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Selective representation proves prime time bias
Observations from the Edge
Robert T. Nanninga
April 9, 2007
Recently I have been participating in a ongoing conversation regarding masculinity, homosexuality, and self expression, with some self-defined earthy men and radical fairies. The dialogue began with a veteran lamenting his feelings of disconnect with gay culture.
Tired of dealing with the "bitches and boys," he was asking where in gay culture is it safe to be a non bar-hopping club kid. Identifying as a man's man, his concern was a perceived inability on his part to meet guys who want to hang out with other guys. No fems, no freaks, just guys.
In short time the dialogue turned tense when fem men, took offense at others stating they felt trapped by the limited range of gay stereo types. Commenting on his lack of desire for effeminate, highly groomed men, or those involved in leather/butch drag, he wondered when will it be O.K. for gay men to just be men. On the fringe of mainstream of gay culture myself, I am encouraged by this line of inquiry.
Believing gay identity to be a reflection of the culture in which it is nurtured, I see the issue as being one of homosexual men trying to adapt to preexisting cultural constructs. If all the media shows is images of swishing queens and vain pretty boys, is it any wonder young homosexuals imprint on those archetypes? Of course not.
Homosexual identity as always been shaped by heterosexual acceptance.
Heterosexist by design, American culture does not allow for ambiguity. At some time it was decided homosexuality made you less than a man, and therefore not masculine. And the heterosexist world view is based on opposites, so if not considered masculine, the only other option was femininity. To find any social acceptance one had to be straight or "gay," any variation could get you killed.
Culture is the story we tell ourselves. Television is the way America tells stories. Television has yet to present a masculine, well centered, happily situated man, rural or otherwise, as a protagonist. For the past 100 years U.S. media has represented homosexuality as an abnormal lifestyle, often dark and dangerous. It still does. By the time television and modern media came into being, there was a tacit agreement that gays were something to fear or laugh at.
Since the Stonewall riots, and the emergence of gay culture, homosexuals have played their prescribed roles, as odd outsiders always ready for a good laugh. For those men willing to play into the stereotypes and adapt to prescribed cultural norms, tolerant acceptance is a least possible. Still not accepted by mainstream culture are homosexuals who choose not to adopt constrictive gay stereotypes for themselves.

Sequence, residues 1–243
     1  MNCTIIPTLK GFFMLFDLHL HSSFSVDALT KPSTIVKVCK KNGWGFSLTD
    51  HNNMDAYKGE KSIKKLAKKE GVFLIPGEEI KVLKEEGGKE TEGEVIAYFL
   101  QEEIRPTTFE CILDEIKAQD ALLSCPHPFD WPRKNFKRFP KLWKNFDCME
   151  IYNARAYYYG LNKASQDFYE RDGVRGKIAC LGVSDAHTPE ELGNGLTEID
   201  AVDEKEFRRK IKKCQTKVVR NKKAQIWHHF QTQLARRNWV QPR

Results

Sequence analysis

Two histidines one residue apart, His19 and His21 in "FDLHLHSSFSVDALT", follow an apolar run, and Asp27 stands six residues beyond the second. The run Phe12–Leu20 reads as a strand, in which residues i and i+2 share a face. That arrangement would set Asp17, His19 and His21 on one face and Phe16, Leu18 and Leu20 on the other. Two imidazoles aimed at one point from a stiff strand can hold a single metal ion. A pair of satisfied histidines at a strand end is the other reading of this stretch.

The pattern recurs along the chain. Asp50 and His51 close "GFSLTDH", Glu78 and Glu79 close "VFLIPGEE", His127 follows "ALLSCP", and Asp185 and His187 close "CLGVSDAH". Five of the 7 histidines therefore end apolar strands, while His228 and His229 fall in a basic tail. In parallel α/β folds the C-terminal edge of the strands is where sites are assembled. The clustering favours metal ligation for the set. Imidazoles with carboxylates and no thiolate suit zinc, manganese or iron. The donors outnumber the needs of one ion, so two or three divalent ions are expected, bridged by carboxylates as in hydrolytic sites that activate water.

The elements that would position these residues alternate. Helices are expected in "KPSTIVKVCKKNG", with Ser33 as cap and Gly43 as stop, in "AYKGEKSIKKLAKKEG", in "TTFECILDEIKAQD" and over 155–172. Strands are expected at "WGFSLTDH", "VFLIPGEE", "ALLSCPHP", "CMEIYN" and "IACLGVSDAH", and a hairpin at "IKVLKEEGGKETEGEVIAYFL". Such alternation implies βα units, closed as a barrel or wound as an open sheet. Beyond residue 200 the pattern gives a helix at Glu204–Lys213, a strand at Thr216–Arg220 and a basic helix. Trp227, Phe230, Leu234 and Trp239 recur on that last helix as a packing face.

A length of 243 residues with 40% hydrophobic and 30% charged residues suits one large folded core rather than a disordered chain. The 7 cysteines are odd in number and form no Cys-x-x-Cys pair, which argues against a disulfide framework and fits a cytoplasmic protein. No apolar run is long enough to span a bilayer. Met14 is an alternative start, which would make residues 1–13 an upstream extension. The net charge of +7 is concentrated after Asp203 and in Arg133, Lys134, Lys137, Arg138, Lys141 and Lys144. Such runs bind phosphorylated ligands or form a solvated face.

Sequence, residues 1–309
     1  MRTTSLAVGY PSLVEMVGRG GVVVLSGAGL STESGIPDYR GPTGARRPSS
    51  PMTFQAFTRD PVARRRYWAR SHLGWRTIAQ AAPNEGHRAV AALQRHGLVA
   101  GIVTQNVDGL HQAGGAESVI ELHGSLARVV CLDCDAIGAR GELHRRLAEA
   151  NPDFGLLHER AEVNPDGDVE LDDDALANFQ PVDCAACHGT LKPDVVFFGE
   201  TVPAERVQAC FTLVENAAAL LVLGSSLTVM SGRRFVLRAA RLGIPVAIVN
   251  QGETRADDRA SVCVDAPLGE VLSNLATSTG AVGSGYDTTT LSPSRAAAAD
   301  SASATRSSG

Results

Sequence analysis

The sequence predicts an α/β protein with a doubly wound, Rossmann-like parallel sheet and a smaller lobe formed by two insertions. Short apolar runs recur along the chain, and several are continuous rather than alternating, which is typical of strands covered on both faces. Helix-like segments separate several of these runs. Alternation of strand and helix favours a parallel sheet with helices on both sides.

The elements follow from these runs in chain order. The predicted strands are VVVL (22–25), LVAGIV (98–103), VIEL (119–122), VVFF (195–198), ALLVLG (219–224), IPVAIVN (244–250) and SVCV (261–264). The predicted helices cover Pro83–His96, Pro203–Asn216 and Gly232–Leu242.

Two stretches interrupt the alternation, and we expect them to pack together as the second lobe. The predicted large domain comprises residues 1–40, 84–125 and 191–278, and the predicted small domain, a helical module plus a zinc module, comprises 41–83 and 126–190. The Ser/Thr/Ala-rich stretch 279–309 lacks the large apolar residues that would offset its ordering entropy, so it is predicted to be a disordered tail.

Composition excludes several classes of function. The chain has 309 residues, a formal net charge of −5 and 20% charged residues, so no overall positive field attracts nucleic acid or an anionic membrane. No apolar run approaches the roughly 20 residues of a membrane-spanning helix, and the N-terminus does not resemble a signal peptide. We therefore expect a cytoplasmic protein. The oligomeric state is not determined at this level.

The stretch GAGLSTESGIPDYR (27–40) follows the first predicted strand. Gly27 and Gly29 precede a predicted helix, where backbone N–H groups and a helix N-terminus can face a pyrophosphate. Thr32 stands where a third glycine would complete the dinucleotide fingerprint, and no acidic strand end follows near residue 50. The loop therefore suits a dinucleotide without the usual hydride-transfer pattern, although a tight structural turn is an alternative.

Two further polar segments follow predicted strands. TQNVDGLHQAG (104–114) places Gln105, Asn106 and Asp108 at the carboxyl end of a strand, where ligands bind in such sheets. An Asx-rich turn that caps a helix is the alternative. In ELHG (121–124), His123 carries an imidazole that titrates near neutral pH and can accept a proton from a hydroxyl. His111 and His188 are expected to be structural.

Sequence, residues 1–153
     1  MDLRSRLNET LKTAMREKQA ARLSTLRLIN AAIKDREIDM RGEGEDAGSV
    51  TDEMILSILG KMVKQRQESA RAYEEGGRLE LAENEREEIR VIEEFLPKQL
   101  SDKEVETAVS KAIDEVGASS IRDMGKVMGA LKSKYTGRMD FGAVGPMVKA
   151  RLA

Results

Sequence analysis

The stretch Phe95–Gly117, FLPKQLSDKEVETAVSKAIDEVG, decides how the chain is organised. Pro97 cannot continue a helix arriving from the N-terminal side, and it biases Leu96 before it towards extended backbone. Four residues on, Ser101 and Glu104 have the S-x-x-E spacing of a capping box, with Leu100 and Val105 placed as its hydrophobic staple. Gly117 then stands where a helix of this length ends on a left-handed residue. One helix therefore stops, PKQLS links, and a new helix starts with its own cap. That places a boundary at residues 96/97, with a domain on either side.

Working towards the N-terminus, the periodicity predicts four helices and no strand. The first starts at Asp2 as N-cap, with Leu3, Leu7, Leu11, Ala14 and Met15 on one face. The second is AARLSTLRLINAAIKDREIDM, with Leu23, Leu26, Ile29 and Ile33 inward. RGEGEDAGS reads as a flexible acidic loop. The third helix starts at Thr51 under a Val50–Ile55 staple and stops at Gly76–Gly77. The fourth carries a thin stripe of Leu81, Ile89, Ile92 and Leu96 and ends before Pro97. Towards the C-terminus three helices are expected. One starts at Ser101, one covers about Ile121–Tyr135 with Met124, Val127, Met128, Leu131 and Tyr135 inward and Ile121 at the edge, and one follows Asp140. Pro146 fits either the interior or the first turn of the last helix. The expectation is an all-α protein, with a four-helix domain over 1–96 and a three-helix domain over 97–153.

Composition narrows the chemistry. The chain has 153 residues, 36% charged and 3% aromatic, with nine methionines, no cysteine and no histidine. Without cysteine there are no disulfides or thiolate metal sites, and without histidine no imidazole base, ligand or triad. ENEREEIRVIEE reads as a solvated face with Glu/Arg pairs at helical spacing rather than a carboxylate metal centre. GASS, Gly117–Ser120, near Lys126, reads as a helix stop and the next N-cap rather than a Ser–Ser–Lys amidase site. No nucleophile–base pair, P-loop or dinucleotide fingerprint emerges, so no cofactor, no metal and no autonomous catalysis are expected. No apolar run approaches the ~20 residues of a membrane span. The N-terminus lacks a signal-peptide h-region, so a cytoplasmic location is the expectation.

When homosexual men are included in the story telling it is usually to entertain with cutting wit and silly antics. From Oscar Wilde to Liberace, Paul Lynde and Truman Capote, effete, fashion forward, gentlemen, are the model of what is acceptable in polite company. The foppish dandy character was recently perfected by Sean Hayes with his portrayal of Jack McFarland on Will and Grace. Notice how far we haven't come in the past hundred years.
Gay liberation now involves freeing homosexual men from the narrow constraints of accepted gay identities. Men who want to be identified as homosexual without making it a lifestyle should be able to do so without the fear of being ostracized or violence. Homosexual youth should be allowed to dream of careers as professional athletes, cops, firefighters, soldiers, and other forms of employment deemed masculine.
As long as mainstream culture continues to deny the normalcy of homosexuality, homosexuals will never see themselves as normal. That hurts, and has a tendency to lead to all sorts of destructive behavior. So instead of a parade of tired stereotypes designed to shock and sensationalize, It's time we embraced the full nature of our being.